15 Incredible Animals That Can Live For Over 100 Years
Discover 15 amazing animals that can live for over 100 years and learn their secrets of longevity. You’ll be amazed by these incredible creatures!
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Some animals have amazing abilities to live longer than humans. In fact, some of them can live for over a century, and even more. Here are 15 examples of animals that can live for over 100 years, and some of the secrets behind their longevity.
#1. Seychelles giant tortoise
Source: Gianluigi Guercia/AFP/Getty Images
This is the oldest living land animal, with an estimated age of 190 years. Jonathan, a Seychelles giant tortoise living on the island of St. Helena, holds the Guinness World Record for the oldest tortoise ever. Tortoises have a slow metabolism and can quickly kill off damaged cells that may cause aging.
#2. Red sea urchin
Source: National Geographic
Various species of these spiny creatures can live 100 years or longer without any signs of aging. Scientists think that their ability to regenerate their tissues and organs may be the key to their longevity.
#3. Bowhead whale
Source: National Geographic
This is the longest-living mammal, with a possible lifespan of over 200 years. Some bowhead whales have been found with stone harpoon tips embedded in their bodies, proving that they survived hunting attempts centuries ago. Bowhead whales have genes that protect them from cancer and oxidative stress.
#4. Rougheye rockfish
This is one of the longest-living fish, with an estimated lifespan of up to 205 years. Rougheye rockfish live in the deep waters of the North Pacific, where they grow slowly and have few predators. They also have high levels of antioxidants and DNA repair enzymes that may help them prevent aging.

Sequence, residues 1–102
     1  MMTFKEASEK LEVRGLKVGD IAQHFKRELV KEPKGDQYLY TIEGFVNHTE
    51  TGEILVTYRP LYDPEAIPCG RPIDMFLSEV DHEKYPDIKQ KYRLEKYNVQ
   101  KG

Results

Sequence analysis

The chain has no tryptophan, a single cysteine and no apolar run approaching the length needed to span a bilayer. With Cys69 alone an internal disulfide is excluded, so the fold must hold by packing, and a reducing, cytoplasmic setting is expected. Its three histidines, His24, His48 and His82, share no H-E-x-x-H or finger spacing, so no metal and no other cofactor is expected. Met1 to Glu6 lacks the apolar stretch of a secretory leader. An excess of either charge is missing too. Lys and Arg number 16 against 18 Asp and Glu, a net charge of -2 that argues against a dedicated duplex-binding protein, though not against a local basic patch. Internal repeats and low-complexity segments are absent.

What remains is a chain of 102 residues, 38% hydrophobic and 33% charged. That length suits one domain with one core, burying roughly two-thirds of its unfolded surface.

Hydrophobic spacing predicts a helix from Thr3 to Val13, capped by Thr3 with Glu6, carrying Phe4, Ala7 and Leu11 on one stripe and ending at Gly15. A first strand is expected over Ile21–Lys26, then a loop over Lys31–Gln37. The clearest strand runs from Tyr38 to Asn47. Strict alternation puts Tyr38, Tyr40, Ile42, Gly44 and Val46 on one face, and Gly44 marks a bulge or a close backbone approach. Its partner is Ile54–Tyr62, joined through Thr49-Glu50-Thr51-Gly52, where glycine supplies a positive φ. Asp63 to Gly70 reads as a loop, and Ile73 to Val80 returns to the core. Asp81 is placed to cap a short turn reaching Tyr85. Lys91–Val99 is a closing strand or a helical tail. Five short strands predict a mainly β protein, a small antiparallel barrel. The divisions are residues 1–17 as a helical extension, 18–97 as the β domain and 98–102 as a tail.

#5. Freshwater pearl mussel
Source: BBC Wildlife Magazine
This is one of the longest-living invertebrates, with a record age of 250 years. Freshwater pearl mussels live in clean rivers and lakes in Europe and North America, where they filter water and provide habitat for other organisms. They have a complex life cycle that involves parasitizing fish for their larval stage, which may help them evade predators and environmental changes.
#6. Greenland shark
Source: National Geographic
This is the longest-living vertebrate, with an estimated lifespan of up to 400 years. Greenland sharks live in the cold waters of the Arctic and North Atlantic, where they grow very slowly and reach sexual maturity at around 150 years. They have low metabolic rates and high levels of urea in their tissues that may act as natural antifreeze.
This is one of the longest-living animals without a mouth or digestive system. Tubeworms live in symbiosis with bacteria that provide them with nutrients from deep-sea vents or cold seeps. Some species of tubeworms can live for over 500 years, such as Lamellibrachia luymesi and Escarpia laminata.
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#8. Ocean quahog clam
This is the longest-living non-colonial animal, with a record age of 507 years. Ocean quahog clams live in the cold waters of the North Atlantic, where they burrow into the sediment and filter feed. They have low metabolic rates and high levels of antioxidants that may help them resist aging.